We elected to camp a little further upstream as good shelter, firewood and brush was there and may not be so readily available higher up. The high peak ahead was now quite close at 275 deg. and there was a further peak showing on its southern side. We made good progress with our camp duties and, as it became rather cold after sundown, we were in bed at 7.15 p.m. The moon was shining brightly and clouds were few - much fewer than at any time during the day when there were occasional light sprinkles.

A very cold night presaged a bright clear morning. We were astir at 6,30 a.m. to find the tent stiff with frost and a thick white carpet around us. We breakfasted and warmed up by the fireside and, underestimating the nearness of Back Peak, decided to continue without food or gear and return to camp for lunch. At 8.12 a.m. we set off and were soon ascending the high hill ahead. From its summit (¾m. - 8.40 a.m.), our horizon widened with Cradle Mt. (132 deg.) and Barn Bluff (149 deg.) coming into view, but we were just as much in a quandary regarding the identity of Back Peak, the key to Mt. Remus. The nearest peak and higher lay at 198 deg. and a still higher peak (perhaps this could be Back Peak) was at 212 deg..

Making the latter peak our objective, we descended S.W. to a gully, climbed up onto a shoulder attached to our nearer peak and then descended westward to a valley between the two peaks, followed the valley up to the S. through dwarfed ti-tree and clear leads to the base of the higher peak. Then we swung westward and climbed up through an old "burn" to the top of the peak (3700’ - 2m. - 9.56 a.m.). The view had widened tremendously. Barn Bluff (142 deg.) and Cradle Mt. (118 deg.) were still the dominant features but ahead lay higher ground attached by a clear open ridge with autumn tinted fagus on the edge of the cliffs and myrtle at their base.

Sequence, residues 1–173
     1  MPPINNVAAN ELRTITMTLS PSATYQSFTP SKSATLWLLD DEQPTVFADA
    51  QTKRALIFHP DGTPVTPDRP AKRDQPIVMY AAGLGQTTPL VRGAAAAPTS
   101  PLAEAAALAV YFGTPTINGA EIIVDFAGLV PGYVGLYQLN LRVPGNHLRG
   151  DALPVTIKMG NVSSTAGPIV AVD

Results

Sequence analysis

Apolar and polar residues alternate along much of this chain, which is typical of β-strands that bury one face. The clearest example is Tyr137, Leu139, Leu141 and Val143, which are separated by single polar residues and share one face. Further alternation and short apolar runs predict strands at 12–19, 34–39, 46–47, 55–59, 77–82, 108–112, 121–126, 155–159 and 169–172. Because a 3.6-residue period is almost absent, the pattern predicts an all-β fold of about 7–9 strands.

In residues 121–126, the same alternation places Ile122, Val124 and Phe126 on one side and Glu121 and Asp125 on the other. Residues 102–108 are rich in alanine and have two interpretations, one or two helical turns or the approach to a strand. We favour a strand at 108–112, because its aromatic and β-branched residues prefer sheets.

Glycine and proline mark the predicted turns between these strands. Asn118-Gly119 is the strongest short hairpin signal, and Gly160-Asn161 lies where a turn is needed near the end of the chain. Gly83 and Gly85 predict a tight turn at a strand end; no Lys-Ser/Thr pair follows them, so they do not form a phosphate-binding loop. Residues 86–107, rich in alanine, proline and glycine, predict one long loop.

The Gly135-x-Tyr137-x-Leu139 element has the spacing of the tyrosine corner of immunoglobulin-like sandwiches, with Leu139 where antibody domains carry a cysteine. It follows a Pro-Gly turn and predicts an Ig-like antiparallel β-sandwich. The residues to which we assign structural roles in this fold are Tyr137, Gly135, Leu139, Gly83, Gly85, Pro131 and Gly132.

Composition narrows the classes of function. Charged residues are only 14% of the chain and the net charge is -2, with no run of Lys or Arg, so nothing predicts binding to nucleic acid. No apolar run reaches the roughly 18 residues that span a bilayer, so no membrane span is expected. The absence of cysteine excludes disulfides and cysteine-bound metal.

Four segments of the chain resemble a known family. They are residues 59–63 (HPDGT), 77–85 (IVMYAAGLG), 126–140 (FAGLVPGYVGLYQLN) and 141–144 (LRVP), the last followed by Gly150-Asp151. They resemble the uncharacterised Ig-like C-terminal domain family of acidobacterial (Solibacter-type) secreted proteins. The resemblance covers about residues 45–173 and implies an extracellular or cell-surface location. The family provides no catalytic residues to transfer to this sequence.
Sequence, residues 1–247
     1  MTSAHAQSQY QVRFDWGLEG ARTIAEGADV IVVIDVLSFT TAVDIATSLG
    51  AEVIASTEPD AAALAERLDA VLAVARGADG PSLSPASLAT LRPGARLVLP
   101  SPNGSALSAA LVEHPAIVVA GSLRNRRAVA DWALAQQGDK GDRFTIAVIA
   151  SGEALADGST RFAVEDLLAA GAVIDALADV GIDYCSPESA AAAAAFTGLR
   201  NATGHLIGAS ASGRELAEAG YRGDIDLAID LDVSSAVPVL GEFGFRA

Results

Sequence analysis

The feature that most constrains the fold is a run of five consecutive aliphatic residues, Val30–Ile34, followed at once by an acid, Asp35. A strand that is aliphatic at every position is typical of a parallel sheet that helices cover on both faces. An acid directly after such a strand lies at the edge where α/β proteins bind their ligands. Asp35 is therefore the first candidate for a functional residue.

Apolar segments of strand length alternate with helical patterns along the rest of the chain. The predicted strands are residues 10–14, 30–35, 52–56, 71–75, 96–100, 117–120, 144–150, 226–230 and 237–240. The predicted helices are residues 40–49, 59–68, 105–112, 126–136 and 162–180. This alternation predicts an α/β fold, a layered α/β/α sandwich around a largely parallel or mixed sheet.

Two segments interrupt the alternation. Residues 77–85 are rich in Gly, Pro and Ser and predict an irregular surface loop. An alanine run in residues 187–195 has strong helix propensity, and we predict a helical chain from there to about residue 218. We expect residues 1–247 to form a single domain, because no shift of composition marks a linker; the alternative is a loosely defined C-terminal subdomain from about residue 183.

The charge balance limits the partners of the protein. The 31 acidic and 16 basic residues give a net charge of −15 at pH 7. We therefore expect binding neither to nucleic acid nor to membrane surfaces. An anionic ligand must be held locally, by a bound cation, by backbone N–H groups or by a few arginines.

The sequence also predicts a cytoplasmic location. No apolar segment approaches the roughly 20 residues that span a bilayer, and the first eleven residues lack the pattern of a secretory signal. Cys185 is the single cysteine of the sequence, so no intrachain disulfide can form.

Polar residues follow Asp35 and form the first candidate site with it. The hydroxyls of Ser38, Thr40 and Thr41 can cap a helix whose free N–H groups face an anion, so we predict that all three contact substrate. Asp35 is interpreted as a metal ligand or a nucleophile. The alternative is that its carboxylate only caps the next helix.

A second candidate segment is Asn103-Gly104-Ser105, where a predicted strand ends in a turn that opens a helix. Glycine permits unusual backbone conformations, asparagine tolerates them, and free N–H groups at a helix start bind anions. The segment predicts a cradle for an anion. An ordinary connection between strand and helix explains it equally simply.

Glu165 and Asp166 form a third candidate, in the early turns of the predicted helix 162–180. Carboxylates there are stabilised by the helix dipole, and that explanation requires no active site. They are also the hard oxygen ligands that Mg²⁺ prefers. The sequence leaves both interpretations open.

Resuming at 10.17 a.m., we descended a little and then swung along the clear ridge, locating a straight line of stakes and filming the golden fagus. A gradual ascent brought us to a broad level summit with a huge stake in a rockpile a little to the south of its true summit (3850’ – 2¾m. - 10.55 a.m.). A check of the map at last brought clarity to our position. We were astride Back Peak, the highest in the area, and Mt. Remus was about 2 miles further westward. It was quite definitely lower than Back Peak and too far off to permit us reaching it that morning and regaining camp for lunch. The weather was still good with only a few clouds floating around. We called our previous peak "Front Peak" and the one farther east “Outer Peak” in keeping with the local nomenclature. The line of stakes is obviously the National Park boundary line.